Mar 7, 2024 - Business

NTSB investigating Boeing's "stuck" rudder pedals on United Airlines flight

A Boeing 737-8 MAX parked at Renton Municipal Airport in Washington on Jan. 25. Photo: Jason Redmond / AFP via Getty Images

The National Transportation Safety Board is investigating a United Airlines Boeing 737-8 flight that last month experienced "stuck" rudder pedals after touching down in Newark, per a preliminary report released Thursday.

The big picture: The investigation comes as the aircraft maker is facing scrutiny over how it manages safety, following an emergency door blowout aboard a Boeing 737 MAX 9 earlier this year.

Zoom in: The incident on the Boeing 737-8 occurred Feb. 6 on United Airlines flight 1539 during landing at Newark Liberty International Airport.

  • The captain reported that during the landing rollout, which is after touchdown but before the plane slows to taxi speed, the pedals did not respond to foot pressure and remained stuck.
  • "The captain used the nosewheel steering tiller to keep the airplane near the runway centerline while slowing to a safe taxi speed before exiting the runway onto a high-speed turn-off," the report states.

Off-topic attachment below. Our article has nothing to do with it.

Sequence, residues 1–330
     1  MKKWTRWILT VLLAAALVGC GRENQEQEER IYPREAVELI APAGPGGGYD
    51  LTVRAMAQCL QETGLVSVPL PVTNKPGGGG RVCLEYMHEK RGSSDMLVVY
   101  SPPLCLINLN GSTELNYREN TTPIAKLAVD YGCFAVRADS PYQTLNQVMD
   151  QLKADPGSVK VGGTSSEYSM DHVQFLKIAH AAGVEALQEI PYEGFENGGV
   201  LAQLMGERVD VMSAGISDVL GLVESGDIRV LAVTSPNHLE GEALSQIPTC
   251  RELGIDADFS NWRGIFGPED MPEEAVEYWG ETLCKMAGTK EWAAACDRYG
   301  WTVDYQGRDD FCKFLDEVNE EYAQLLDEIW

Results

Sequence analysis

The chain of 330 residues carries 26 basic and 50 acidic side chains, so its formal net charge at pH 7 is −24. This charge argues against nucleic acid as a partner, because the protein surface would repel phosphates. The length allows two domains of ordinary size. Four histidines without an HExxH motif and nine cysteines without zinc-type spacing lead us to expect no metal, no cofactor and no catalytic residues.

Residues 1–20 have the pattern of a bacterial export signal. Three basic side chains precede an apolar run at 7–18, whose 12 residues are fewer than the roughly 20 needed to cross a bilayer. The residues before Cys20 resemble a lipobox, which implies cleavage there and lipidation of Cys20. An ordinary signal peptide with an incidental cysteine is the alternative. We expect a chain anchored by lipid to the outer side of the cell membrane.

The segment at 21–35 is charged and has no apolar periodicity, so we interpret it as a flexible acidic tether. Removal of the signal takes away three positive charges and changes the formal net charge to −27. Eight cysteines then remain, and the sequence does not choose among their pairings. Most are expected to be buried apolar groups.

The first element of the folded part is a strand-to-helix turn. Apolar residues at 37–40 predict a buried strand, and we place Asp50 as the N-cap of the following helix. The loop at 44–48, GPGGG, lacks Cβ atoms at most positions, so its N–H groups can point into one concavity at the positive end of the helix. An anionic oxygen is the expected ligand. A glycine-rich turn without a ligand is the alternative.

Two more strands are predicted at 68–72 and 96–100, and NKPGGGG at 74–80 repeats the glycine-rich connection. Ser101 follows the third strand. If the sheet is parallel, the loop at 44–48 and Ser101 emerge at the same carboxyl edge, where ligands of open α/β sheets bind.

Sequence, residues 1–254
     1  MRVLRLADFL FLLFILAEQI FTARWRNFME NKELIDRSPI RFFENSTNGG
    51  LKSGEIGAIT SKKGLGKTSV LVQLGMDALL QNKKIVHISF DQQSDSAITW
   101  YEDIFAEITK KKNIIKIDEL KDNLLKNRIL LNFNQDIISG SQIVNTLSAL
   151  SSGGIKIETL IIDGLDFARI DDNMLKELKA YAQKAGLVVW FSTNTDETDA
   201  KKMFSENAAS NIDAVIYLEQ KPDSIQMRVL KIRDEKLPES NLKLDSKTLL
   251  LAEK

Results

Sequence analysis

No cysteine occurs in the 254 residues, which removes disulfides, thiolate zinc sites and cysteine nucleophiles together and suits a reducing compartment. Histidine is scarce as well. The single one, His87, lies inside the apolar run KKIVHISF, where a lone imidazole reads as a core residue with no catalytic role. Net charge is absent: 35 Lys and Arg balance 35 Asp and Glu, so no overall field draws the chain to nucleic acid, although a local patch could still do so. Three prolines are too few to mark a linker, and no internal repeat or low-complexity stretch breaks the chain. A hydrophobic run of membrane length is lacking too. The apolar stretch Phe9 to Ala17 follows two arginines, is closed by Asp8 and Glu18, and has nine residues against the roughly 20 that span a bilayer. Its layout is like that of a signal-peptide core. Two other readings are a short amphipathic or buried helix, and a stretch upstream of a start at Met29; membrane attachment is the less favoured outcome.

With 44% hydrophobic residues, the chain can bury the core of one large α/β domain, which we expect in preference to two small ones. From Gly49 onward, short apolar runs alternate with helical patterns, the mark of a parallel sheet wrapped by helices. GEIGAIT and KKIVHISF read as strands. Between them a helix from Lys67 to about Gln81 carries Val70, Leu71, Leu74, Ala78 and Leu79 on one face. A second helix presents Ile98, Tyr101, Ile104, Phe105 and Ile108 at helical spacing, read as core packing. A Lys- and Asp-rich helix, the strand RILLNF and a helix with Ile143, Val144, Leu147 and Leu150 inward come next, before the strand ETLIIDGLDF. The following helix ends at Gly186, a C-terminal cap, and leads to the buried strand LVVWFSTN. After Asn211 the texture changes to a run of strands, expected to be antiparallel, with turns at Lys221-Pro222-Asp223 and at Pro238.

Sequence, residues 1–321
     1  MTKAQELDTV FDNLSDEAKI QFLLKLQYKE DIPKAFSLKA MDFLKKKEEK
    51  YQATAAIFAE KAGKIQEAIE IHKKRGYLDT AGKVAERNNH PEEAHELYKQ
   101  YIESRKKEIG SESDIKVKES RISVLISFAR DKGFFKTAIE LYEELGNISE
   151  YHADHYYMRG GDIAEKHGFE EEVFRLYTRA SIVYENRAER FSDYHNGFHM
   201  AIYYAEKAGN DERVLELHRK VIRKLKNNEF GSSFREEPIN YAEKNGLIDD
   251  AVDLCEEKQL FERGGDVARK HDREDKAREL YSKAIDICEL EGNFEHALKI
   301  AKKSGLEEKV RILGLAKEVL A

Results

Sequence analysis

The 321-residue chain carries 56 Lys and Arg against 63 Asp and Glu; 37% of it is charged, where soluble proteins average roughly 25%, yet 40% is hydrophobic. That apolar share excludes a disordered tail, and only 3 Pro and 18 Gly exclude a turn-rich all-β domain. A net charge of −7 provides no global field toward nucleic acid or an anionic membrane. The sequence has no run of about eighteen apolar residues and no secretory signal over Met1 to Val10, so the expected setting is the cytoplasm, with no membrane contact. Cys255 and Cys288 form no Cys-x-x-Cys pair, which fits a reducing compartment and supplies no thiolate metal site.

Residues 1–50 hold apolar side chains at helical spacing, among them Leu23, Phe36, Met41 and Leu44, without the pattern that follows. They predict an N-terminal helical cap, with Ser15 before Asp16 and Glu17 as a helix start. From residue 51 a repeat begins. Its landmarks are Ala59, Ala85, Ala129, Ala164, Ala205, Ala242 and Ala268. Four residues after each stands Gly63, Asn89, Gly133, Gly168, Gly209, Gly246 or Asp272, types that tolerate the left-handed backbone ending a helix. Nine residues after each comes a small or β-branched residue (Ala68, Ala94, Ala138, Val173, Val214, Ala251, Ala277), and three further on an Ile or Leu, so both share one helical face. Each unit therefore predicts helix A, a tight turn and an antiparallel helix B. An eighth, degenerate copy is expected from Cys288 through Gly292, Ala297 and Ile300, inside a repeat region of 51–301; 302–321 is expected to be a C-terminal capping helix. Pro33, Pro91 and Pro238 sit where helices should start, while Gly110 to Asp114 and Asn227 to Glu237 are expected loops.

Yes, but: Shortly after, the rudder pedals began to operate normally, the captain said.

  • There were no injures and the airplane was removed from service for maintenance and troubleshooting.

What they found: An inspection found no obvious malfunctions, the NTSB said.

  • After removing the rudder system components, United conducted a second flight test and found the rudder controls operated normally, per the report.
  • "With coordination with United, the issue was successfully resolved with the replacement of three parts and the airplane returned to service last month," Boeing said in a statement, adding that this is the only report of such an issue that they've received for the 737 MAX fleet.
  • The investigation is ongoing.

What they're saying: "We appreciate the NTSB's work on this preliminary report and will continue to fully support their investigation," Boeing said.

  • "We worked closely with United Airlines to diagnose the rudder response issue observed during two 737-8 flights in early February," Boeing continued.
  • United, for their part, said: "We're grateful to our pilots and maintenance teams for their professionalism in diagnosing this issue. We'll continue to work with Boeing, the NTSB and the FAA on next steps for these aircraft."

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